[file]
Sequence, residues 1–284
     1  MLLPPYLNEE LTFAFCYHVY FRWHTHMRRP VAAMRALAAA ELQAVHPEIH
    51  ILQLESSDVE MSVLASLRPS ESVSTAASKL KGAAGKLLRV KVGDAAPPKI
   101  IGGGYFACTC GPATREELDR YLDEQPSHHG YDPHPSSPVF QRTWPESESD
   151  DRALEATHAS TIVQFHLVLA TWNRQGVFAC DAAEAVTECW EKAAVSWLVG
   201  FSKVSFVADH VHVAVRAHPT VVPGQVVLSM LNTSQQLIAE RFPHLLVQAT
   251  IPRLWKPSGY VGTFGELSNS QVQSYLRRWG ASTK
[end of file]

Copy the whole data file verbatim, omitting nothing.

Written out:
Sequence, residues 1–284
     1  MLLPPYLNEE LTFAFCYHVY FRWHTHMRRP VAAMRALAAA ELQAVHPEIH
    51  ILQLESSDVE MSVLASLRPS ESVSTAASKL KGAAGKLLRV KVGDAAPPKI
   101  IGGGYFACTC GPATREELDR YLDEQPSHHG YDPHPSSPVF QRTWPESESD
   151  DRALEATHAS TIVQFHLVLA TWNRQGVFAC DAAEAVTECW EKAAVSWLVG
   201  FSKVSFVADH VHVAVRAHPT VVPGQVVLSM LNTSQQLIAE RFPHLLVQAT
   251  IPRLWKPSGY VGTFGELSNS QVQSYLRRWG ASTK